Melinda Truelsen is a graduate student in literature and a Mustang Daily book columnist. Her column, “Reading Between the Lines,” appears every Wednesday.
Melinda Truelsen is a graduate student in literature and a Mustang Daily book columnist. Her column, “Reading Between the Lines,” appears every Wednesday.

Do you find yourself complaining about midterms? Don’t want to write those final papers? Try putting yourself in someone else’s shoes. Imagine life outside of your college education. Many people would be happy to complain about taking finals, yet we take them for granted. Now I’m sure that this isn’t the case for all of us, but sometimes we need to add a little perspective to make us appreciate exactly what we do have.

One person whose story certainly adds some perspective to my life is author Jeannette Walls. She grew up without many of the comforts most of us take for granted every day. Although she was able to get herself out of a hard and heart-rending life, she had to go through a lot to do so. Instead of complaining about what she didn’t have or what she had to do, she found a way to transform her circumstances and inspire others along the way.

The opening scene of her memoir “The Glass Castle” depicts Walls riding in a taxi in downtown New York City, on her way to a party, when she sees a homeless woman digging through a trash can on the side of the street — her mother.

How did she end up digging through a trash can? And why doesn’t her daughter stop to do anything about it? The answers to these questions aren’t the ones you may expect, but through a deeply moving narrative, Jeannette Walls explains how her family came to exist in this split-up state, and why it continues to be this way.

Rex and Rose Mary Walls, Jeannette’s parents, were very eccentric people, which had much to do with influencing this scene of events. Though they loved their children greatly, they were often distracted by their outlook on life from providing what was best for them. Despite the many hardships Walls overcame, many caused by her parents, she does not sound at all like she is simpering about her situation and how they hurt her; rather, she speaks of them with great affection and respect.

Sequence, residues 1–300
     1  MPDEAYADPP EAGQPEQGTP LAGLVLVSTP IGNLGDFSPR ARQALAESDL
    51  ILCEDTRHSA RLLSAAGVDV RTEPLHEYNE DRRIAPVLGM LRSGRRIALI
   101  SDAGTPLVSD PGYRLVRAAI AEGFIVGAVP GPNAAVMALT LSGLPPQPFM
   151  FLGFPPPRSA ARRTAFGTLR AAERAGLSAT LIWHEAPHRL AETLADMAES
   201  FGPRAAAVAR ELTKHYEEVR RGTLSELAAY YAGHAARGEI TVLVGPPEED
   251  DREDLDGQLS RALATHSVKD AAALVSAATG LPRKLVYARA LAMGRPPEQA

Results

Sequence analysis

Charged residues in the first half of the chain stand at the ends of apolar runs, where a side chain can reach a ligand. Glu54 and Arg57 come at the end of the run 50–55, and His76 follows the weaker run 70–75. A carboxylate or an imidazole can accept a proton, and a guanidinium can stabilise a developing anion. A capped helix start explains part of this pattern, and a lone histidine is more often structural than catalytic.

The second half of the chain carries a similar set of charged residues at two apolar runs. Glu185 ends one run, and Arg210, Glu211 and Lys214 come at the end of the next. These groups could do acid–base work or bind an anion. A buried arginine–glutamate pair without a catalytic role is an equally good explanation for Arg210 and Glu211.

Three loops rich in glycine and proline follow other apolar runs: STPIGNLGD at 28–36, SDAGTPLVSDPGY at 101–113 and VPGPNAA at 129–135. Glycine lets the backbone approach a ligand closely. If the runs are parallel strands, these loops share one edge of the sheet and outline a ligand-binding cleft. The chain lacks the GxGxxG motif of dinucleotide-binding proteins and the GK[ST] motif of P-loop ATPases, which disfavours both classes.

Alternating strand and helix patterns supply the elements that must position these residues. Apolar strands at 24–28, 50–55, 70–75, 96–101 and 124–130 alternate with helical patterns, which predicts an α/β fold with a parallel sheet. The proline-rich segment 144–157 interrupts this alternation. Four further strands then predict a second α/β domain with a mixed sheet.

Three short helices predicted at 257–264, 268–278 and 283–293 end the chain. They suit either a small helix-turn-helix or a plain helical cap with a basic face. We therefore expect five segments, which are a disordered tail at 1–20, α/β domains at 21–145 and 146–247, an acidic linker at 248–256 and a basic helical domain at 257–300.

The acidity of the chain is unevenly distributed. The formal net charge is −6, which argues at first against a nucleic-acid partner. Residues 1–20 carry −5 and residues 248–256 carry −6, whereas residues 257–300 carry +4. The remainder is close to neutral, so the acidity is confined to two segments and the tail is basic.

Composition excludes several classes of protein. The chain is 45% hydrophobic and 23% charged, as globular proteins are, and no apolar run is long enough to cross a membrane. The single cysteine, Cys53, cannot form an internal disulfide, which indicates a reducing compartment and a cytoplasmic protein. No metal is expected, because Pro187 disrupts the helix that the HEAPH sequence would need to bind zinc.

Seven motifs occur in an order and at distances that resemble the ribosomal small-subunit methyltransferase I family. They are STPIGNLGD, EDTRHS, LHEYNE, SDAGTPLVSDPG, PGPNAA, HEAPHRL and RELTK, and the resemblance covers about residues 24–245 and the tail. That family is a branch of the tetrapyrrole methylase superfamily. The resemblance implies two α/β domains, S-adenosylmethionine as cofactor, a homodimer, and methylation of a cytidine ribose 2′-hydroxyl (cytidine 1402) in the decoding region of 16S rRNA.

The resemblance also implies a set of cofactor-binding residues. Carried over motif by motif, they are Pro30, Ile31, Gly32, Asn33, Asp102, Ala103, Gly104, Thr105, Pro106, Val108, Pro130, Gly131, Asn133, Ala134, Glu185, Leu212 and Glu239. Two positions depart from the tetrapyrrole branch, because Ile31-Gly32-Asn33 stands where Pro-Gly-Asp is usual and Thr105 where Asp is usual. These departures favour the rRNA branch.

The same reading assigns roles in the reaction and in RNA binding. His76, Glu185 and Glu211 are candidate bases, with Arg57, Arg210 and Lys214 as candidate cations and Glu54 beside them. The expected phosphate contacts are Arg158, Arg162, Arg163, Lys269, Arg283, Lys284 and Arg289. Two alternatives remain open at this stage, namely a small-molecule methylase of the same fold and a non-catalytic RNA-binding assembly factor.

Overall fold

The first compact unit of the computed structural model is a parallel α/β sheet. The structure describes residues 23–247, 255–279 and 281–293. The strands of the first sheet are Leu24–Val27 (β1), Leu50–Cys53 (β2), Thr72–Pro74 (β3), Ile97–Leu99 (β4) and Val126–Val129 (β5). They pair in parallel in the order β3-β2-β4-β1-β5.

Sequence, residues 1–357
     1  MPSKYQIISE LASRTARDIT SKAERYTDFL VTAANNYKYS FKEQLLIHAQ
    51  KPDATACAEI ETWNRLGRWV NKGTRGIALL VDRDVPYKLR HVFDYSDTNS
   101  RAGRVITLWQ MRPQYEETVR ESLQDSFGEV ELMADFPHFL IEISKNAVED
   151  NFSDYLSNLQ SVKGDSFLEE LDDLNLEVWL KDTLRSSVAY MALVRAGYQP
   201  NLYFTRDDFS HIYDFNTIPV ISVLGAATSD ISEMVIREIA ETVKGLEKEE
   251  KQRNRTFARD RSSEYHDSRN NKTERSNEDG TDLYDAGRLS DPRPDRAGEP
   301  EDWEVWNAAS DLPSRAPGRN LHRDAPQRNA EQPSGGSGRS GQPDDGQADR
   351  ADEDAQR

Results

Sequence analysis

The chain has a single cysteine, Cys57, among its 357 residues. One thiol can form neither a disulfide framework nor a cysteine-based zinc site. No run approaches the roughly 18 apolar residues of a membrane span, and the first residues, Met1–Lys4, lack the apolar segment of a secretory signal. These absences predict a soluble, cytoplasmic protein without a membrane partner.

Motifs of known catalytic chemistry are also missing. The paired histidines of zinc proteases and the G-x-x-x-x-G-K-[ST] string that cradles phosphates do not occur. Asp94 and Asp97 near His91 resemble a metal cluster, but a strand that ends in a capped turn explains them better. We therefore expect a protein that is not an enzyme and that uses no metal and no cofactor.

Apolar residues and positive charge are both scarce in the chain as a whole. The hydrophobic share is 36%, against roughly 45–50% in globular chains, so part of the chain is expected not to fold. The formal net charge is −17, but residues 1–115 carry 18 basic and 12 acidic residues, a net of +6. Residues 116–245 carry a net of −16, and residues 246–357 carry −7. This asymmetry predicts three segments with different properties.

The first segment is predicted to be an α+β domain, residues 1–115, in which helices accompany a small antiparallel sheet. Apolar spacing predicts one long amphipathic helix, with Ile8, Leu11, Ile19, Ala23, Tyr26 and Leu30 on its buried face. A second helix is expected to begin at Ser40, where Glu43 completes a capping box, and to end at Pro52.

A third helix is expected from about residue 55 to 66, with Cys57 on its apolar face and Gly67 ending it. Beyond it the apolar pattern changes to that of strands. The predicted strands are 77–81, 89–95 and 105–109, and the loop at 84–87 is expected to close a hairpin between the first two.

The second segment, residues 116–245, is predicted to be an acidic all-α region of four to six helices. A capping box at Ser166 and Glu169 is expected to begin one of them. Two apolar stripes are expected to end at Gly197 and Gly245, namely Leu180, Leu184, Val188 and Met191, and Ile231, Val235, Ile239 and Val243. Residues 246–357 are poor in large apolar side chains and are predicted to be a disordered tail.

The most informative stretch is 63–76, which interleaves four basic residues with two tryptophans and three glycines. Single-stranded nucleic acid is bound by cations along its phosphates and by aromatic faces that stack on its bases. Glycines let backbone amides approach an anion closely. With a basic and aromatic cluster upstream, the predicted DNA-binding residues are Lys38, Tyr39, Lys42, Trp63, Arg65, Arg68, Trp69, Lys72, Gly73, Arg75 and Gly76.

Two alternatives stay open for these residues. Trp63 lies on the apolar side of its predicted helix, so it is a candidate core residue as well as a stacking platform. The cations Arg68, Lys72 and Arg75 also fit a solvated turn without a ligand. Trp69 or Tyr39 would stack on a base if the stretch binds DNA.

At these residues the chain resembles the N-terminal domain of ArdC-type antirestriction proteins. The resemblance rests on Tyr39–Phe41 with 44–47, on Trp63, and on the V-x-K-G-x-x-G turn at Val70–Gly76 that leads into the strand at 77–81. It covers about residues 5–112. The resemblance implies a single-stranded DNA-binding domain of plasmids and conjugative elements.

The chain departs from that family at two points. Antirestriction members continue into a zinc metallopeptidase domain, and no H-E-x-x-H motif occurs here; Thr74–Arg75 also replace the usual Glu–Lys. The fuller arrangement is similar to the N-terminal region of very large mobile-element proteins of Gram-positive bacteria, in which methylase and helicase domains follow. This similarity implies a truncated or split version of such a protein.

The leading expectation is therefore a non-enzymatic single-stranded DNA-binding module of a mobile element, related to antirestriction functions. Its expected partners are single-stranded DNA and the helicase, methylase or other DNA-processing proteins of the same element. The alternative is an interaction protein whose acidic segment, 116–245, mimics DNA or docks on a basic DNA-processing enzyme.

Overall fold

Walls was raised, along with three siblings, in a very nomadic fashion for most of her young life, her parents moved the family from place to place quite frequently. While this may not sound overly strange, the odd thing about it is that her parents didn’t always have an actual place for them to move to — they often lived in a hotel or out of their car.

Often distracted by a high-flown fantasy world, Rex Walls frequently brought his children into a world of make-believe to escape real life problems like rent or proper meals. Rose Mary Walls was often more concerned with creating a piece of art than a meal for her family, which often led to the children fending for themselves rather than being taken care of.

Although these attitudes may seem like neglect, Walls does not condemn her parents for making poor choices while raising her and her siblings. Rather, she speaks about her parents with great respect and love for the good things that they were able to pass on while raising them. She reinterprets their behavior in much more positive ways. Rather than seeing her father escaping reality, she praises him for giving her a sense of imagination and hope that there might be magic in the world. Instead of blaming her mother for not providing food for her and her siblings, she appreciates the importance of the art that her mother put so much into creating.

Through an incredible series of events Walls tells her life stories and explains how she overcame extraordinary circumstances to be where she is today: a successful author who has used her talents with words to come to understand her difficult childhood.

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